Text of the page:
The democratic process
For the Rev. Meredith Garmon, early voting “felt like church: sacred, moving.”
My neighbors and I have come together because we, the people, have work to do. This is our liturgy, which means “the work of the people.” (Lake Chalice, November 3)
The Rev. Amy Zucker Morgenstern offers “a prayer for choosing day.”
May we know that we choose not just for today, but for many generations to come. May we know that we decide not only for ourselves and our own, but on behalf of all the earth, its peoples and creatures, the waters and lands in which they dwell. (Sermons in Stones, November 6)
Before the polls closed, Sarah MacLeod recorded her hopes for the day after the election, no matter the results.
Perhaps . . . we can also extend that respect of the dignity and worth of others . . . to those who voted differently than ourselves. That’s been sorely lacking lately, and I’ll admit to my own low moments, over-characterizing the opposition. My apologies. (Finding My Ground, November 7)
The Rev. Dan Harper chronicles his voting experience, including thoughts about UU conversations about politics.
In far too many Unitarian Universalist congregations, people will stand up during “joys and concerns” and imply that an election was stolen, or imply that their winning candidate is the second coming of Jesus who will save America; and in far too many Unitarian Universalist congregations, people will openly talk about the evils of the Republican party, or conservatives; conveniently ignoring that evil is not restricted to a political party; and doing great damage to our religion by equating political stances with religious values. (Yet Another Unitarian Universalist, November 6)
Finally, if you haven’t followed the Rev. Meg Riley’s posts about working to defeat Minnesota’s discriminatory marriage amendment, I recommend reading the whole series for an insider’s perspective on an uphill battle. (HuffPost Religion, November 6) In the end, the anti-gay marriage amendment was defeated.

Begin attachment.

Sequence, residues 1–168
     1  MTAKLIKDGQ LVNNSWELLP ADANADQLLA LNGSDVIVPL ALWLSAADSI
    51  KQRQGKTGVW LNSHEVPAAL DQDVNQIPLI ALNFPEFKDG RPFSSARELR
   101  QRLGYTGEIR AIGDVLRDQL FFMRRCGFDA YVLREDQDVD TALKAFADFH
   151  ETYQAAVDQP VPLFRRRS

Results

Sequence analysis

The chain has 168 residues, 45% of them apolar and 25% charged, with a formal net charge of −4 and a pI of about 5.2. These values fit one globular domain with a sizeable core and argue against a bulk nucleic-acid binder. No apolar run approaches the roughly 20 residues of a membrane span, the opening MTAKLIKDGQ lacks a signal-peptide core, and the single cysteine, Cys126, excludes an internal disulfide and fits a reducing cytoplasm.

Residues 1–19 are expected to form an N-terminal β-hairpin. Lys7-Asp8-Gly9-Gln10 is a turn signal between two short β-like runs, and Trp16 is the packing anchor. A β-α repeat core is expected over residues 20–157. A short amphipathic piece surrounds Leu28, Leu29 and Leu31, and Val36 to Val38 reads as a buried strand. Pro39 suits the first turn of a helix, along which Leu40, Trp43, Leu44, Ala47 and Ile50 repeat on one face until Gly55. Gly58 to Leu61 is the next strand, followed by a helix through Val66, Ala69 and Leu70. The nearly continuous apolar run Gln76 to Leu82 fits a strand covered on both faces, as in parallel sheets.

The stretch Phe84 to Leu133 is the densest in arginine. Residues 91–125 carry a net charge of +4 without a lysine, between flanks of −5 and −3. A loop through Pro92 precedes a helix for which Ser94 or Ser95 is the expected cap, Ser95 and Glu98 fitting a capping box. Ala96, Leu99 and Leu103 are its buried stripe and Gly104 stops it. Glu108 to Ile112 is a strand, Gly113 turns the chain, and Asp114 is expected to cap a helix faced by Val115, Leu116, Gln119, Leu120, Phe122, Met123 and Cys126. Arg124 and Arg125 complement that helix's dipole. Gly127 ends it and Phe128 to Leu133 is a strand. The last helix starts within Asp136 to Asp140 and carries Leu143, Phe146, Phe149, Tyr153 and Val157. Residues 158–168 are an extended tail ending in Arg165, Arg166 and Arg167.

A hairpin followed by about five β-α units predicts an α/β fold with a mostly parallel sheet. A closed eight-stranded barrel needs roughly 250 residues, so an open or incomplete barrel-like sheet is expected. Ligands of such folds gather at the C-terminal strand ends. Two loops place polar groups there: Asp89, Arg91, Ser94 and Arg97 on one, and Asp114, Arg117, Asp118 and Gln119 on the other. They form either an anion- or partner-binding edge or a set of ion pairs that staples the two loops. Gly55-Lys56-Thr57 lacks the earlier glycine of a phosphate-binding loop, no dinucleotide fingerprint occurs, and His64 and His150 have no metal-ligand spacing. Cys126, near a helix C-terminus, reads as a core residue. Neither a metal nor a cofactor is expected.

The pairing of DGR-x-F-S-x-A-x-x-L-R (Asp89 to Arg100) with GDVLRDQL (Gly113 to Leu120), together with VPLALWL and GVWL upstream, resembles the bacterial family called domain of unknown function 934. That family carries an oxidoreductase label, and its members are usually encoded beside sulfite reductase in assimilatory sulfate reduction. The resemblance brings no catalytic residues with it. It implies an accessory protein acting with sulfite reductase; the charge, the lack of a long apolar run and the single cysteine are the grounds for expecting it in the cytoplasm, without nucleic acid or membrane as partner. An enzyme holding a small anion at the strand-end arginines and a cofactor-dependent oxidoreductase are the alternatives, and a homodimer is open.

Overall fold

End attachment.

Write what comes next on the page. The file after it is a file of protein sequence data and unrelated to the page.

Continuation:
Surviving the storm
The Rev. Jude Geiger recounts his experiences living through Hurricane Sandy in New York City.
In our community, neighbors and resident staff were taking turns visiting each of the 30,000+ homes without power to make sure folks were alright. Letters were circulated asking us to check on our neighbors who were elders—who had no hope of climbing down, let alone up, ten flights of stairs. (RevWho, November 4)
‘Free to Be You and Me’
The Rev. Christine Robinson responds to Stephen Colbert’s quip that “the dangerous cult of Unitarianism is so loose that their sacred texts are the Old Testament, the New Testament, and Free to Be You and Me.”
I have come to the conclusion that a religious movement could do worse than be guided by the Old Testament, the New Testament, and Free to Be You and Me. It beats the heck out of Atlas Shrugged or 19th century notions about race, family, and sexuality, the “third books” of way too many Christians. (iMinister, November 5)
“Plaidshoes” was shocked to discover how little the seventh graders in her religious education class knew about the Bible.
As it is one of Unitarian Universalist sources, are we doing a huge disservice to our youth by not giving them a basic level of understanding of the Bible? I asked the group to turn to Genesis 1:1. Only one child was able to find it. (Everyday Unitarian, November 4)
Christine Organ believes that religious liberals need to ensure that theological concepts are free to evolve.
As long as we maintain outdated definitions of religion, we will continue to hinder the promotion of authentic faith and the advancement of spiritual development. . . . Definitions of religion and God do not need to be idle and stagnate; they are evolving, flexible, and pliable to match our ever-changing ideals, attitudes, and values. (Faith Beyond Belief, November 1)
Around the blogosphere
The Rev. Ellen Cooper-Davis reviews Rachel Held Evans’ new book, A Year of Biblical Womanhood.
Rachel goes beyond many of Christianity’s long-held stereotypes (Eve as knowledge-seeker rather than temptress) and offers fresh ways for modern women to relate to these ancient stories. The women of Biblical lore are liberated from the dusty pages and from supporting role status, held up as the brave, bold, strong, daring and crafty women that they are. (Keep the Faith, November 6)
Liz James has been suffering from the kind of writer’s block that happens to many bloggers—when they realize people are actually reading their posts.
In the last month or two, two things have shaken up my blogging routine: 1) People started reading my blog. . . . It’s disconcerting—I was used to the few faithful readings who love me and would continue loving me even if I write tripe. 2) Someone pointed out to me that blogging is “a kind of Ministry” for me. (Rebel with a Label Maker, November 2)
The Rev. Thom Belote shares his church’s “bold adventure” of moving into a new building, hoping their experiences inspire and inform other congregations. (RevThom, November 2)